I specialize in the study of Chicano/a literature, Chicana/o social movements, narrative theory, and Marxist literary theory. I am the author of Chicano Novels and the Politics of Form: Race, Class and Reification (2009) and the co-editor of Dialectical Imaginaries: Materialist Approaches to U.S. Latino/a Literature in the Age of Neoliberalism (2018). I am currently writing a book entitled “The Grave Curse: Capitalism, Crisis, and Critique in Chicano/a Farm Worker Narratives,” which focuses on the lives and struggles of Mexican farm laborers as represented in Chicana/o narratives from 1970 to 2005. My recent published articles include: “Ngũgĩ wa Thiong’o’s Theory of the Anti-imperialist Novel: The Re-appropriation of a Literary Form” in Ngũgĩ in the American Imperium, edited by Timothy J. Reiss (African World Press, 2018); “Mass Incarceration and the Critique of Capitalism: A Working-class Viewpoint in Ronald Ruiz’s Happy Birthday Jesús” in Dialectical Imaginaries: Materialist Approaches to U.S. Latino/a Literature in the Age of Neoliberalism, edited by Marcial González and Carlos Gallego (University of Michigan Press, 2018); “Herbert Marcuse’s Repudiation of Dialectics: From Reason and Revolution to One-Dimensional Thinking,” Science and Society: A Journal of Marxist Thought and Analysis (2018); “Against Omniscient Narration: A Farmworker Critique of Neoliberalism” in Neoliberalism and Contemporary Literary Culture, edited by Mitchum Huehls and Rachel Greenwald Smith (Johns Hopkins University Press, 2017), 140-159; “Where Do Social Inequalities Come From?: Class Divides in Chicana/o Literature,” Radical Teacher: A Socialist, Feminist, and Anti-Racist Journal on the Theory and Practice of Teaching 101 (Winter 2015), 15-20; “Narrating the Inadmissible: Storytelling and Dialectical Form in Barefoot Heart and Children of the Fields,” Arizona Quarterly 70:2 (Summer 2014), 55-83; “The Future as Form: Undoing the Categorical Separation of Class and Gender in Ana Castillo’s Sapogonia” in Created Unequal: Class and the Making of American Literature, edited by Andrew Lawson (Routledge, 2014), 215-228.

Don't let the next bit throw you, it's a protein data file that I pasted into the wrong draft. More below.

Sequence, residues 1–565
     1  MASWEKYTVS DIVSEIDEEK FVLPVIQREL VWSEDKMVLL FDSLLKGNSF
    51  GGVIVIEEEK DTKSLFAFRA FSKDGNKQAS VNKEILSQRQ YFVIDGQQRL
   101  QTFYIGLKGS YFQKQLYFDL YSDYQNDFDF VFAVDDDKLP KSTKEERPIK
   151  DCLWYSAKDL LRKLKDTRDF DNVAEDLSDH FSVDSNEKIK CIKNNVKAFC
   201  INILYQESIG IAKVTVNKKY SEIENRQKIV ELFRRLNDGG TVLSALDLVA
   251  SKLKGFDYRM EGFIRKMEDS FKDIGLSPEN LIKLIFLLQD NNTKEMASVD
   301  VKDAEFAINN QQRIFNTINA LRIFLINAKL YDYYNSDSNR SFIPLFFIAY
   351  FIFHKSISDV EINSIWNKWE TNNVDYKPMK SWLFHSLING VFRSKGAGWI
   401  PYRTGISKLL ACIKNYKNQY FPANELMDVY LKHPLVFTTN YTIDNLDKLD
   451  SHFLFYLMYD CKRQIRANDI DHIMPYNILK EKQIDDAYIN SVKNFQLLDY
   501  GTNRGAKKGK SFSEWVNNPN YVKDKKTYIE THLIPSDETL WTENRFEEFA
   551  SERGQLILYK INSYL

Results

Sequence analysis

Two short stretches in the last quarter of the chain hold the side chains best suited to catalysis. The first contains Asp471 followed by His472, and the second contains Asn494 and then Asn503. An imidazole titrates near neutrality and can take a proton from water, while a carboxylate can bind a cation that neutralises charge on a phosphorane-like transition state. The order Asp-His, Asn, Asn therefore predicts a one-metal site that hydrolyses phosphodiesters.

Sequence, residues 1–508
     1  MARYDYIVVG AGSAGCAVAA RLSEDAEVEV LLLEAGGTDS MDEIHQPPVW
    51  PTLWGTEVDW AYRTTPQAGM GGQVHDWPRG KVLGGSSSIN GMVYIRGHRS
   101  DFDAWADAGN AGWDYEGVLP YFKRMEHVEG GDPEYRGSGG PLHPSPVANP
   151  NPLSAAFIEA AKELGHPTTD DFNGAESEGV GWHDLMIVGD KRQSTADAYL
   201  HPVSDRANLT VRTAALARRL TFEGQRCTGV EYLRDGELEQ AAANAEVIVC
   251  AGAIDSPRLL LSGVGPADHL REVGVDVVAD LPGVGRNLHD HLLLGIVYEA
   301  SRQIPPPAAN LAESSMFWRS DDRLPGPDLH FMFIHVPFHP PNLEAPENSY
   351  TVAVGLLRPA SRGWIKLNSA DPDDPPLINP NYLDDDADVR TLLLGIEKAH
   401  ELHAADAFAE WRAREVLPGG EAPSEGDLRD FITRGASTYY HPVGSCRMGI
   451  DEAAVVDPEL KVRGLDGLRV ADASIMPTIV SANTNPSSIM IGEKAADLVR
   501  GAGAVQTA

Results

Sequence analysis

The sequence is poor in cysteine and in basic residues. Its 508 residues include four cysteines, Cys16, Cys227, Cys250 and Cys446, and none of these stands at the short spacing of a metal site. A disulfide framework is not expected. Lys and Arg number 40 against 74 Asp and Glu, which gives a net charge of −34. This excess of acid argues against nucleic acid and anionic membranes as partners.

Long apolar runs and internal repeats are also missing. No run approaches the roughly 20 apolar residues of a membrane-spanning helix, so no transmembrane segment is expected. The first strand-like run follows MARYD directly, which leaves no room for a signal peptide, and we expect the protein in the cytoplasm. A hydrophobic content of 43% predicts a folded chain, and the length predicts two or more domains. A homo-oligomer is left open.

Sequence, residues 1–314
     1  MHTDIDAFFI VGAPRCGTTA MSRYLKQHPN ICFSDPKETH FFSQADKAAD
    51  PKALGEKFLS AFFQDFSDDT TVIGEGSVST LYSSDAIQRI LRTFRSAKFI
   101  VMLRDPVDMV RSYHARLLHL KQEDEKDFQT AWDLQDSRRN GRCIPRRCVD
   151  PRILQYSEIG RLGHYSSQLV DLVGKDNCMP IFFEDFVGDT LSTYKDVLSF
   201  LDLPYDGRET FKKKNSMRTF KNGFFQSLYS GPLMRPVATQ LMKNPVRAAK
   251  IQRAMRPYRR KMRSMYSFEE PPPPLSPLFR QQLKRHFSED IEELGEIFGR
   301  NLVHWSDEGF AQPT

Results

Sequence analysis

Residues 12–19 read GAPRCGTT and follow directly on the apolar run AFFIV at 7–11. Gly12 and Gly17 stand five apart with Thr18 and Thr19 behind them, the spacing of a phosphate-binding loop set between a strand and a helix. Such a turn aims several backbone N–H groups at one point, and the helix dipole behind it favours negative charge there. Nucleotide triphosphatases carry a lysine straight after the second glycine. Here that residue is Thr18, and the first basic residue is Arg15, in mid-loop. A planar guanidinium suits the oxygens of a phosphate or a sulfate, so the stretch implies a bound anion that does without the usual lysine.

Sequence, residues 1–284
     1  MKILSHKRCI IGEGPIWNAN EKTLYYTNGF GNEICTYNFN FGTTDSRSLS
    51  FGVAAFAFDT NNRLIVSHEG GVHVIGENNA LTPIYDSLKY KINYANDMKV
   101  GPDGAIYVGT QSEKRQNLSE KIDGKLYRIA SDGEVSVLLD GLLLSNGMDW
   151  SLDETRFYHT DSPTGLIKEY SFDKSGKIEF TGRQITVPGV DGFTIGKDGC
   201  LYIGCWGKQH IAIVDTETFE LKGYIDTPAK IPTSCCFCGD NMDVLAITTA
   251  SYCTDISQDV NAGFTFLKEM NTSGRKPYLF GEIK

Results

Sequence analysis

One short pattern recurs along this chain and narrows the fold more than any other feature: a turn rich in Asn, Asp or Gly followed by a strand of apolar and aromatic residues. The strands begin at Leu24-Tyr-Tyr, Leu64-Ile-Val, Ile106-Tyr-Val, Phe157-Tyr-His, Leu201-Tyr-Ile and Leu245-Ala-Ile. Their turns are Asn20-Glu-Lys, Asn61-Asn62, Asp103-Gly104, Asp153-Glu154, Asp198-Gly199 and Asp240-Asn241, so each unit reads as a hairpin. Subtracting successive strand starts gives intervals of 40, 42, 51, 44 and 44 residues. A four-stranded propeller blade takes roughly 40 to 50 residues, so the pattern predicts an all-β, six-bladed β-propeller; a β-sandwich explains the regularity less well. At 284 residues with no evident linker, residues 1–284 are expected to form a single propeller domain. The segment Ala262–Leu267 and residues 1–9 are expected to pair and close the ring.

Research Expertise and Interest
Chicano and Chicana literature, twentieth-century American ethnic literatures, theory of the novel, marxism, critical theory, farm worker social movements